Margaret Craske

Nicknamed Zulekha (Persian name)

Margaret was born in Norfolk, England in 1892. Her father was owner of a small coastal fleet. She started studying dance at an early age; and was always very athletic. At 18 she took up ballet and progressed quickly. She studied with the famous Enrico Cecchetti in the private London studio she ran from 1918 to 1923, while she served as teacher for the Diaghilev Ballet Company.

At the end of her study with him, the Maestro gave her a certificate indicating she was qualified to carry on his teaching tradition, a rare honour.

In one year, she lost five people dear to her, her parents a teacher a friend, a sweetheart. In a depressed mood she searched for a place to get away and heard from a casual acquaintance about a retreat in East Challacombe, Devonshire, run by a man named Meredith Starr. When she went down there for a rest, she was much drawn to a photograph of Meredith’s spiritual teacher, Shri Meher Baba. Meredith had recently been to His ashram in India and was expecting Him to visit England.

Baba came much sooner than expected and the small group of souls drawn to Starr’s retreat had the privilege of being the first “aspirants” Baba contacted in the West. They included Mabel Ryan, Margaret’s partner in her dance school, Delia de Leon, Kitty Davy, and Kim Tolhurst. Baba nicknamed a small group “Kimco” of which Margaret was a part. They were the “light-hearted” ones, as distinguished from those who were spiritually “serious”, addicted to long hours of meditation, etc.

The following is Margaret Craske’s recollection of the events leading up to her meeting with Baba:

I had read Gurdjieff, Ouspensky and other esoteric writers, but never found what I was looking for. Between 1929 and 1931, everything I valued disappeared. My father died, my mother died, the man I was in love with died. Diaghilev died, Anna Pavlova died. So I was in quite a bad state. I had spent my life looking for God and I now thought it was all nonsense. I was not going to look anymore — I had had enough! I resolved to go somewhere to recover enough to decide what to do next.

On my way to Hastings in South England, where I had gone to judge a dance competition, I met a woman named Dorothea who approached me at the Victoria railroad station and asked where I was going. I told her, and she said, “How wonderful! That’s where I spent my honeymoon.” The woman wanted to go, but had no money. On the spur of the moment, I paid her fare and we went together.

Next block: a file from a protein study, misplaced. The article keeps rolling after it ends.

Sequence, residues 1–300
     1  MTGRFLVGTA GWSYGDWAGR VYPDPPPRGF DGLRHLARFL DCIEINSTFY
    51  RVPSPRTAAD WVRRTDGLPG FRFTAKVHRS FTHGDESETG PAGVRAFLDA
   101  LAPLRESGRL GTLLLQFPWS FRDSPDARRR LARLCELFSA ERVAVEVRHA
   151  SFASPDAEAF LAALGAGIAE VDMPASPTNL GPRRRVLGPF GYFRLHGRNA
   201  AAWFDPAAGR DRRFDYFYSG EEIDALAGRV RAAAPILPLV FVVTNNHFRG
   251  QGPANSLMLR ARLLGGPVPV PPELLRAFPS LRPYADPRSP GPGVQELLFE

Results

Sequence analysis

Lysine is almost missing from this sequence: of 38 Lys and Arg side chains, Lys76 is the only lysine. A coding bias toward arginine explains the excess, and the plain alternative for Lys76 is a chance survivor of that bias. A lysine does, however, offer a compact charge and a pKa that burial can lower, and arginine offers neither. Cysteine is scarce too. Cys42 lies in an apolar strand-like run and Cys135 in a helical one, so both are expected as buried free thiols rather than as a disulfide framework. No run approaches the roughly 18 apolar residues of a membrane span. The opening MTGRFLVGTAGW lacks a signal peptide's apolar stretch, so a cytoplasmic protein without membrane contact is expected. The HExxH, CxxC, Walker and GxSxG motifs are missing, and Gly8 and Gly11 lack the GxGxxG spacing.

On the way, I mentioned I wanted to go somewhere for Easter away from friends. She told me about a “wonderful place” down in Devonshire run by Meredith Starr. She wrote to Meredith, and it was arranged. She didn’t tell me about it being spiritual. (I wouldn’t have gone if I had known.) On the day I went, she came again to see me off, and as I was leaving she said, “Oh, there’s just one other thing.

There are four hours a day of meditation required there!”

I went to East Challacombe for Easter in 1931 and was met by Margaret Starr. One had to walk two miles on a dirt road through ditches and fields to get to the retreat, a stone house on a hill. When I walked into the sitting room, on the right I saw Baba’s picture on the wall and asked, “Who’s that?” Meredith told me about Baba. I stayed at Devonshire for two weeks and toward the end of my stay, Meredith said, “If you work hard for five years, meditating every day, you will be fit to meet Meher Baba when He comes.”

But Baba came in five months! Having given up God, He decided to come to me.

Margaret met Baba at the home of Kitty Davy in London. Margaret vividly recalled her first moments with Baba.

The bell rang and I opened the front door. And there at the bottom of the steps stood the most appealing figure that one could ever hope to see. No sign of power. Just a vision of gentleness, grace and love that touched the heart immeasurably. He came up the steps, gave me a passing glance, and accompanied by Meredith, Chanji and others, went up the stairs to His room (in the “children’s nursery” level.) I remained in the hall. A few minutes later, Meredith came down the stairs and grandly said, “Meher Baba wishes to see you.”

Overcome by nervousness, I said, “Wouldn’t He like to see somebody else first?”

Meredith looked at me sternly and said, “Meher Baba wishes to see you.” I turned and climbed three flights of stairs to the most important moment of my life, the meeting with my Master.

He was seated quietly in a chair and gestured to Chanji to bring another chair and place it facing close to His. He then beckoned me to sit. For a moment or so, there was intense quiet, and then I had a strong feeling that it was important to look into His eyes. Courage came, and I did so, looking in deeply — deeply, as far as I could.

I have nothing to say about what I saw. In fact, I don’t know. I only know that from that moment, whatever rough treatment He may have handed out afterward; there has never been a moment’s doubt as to His being the embodiment of Love and Life.

Margaret later wrote to Chanji: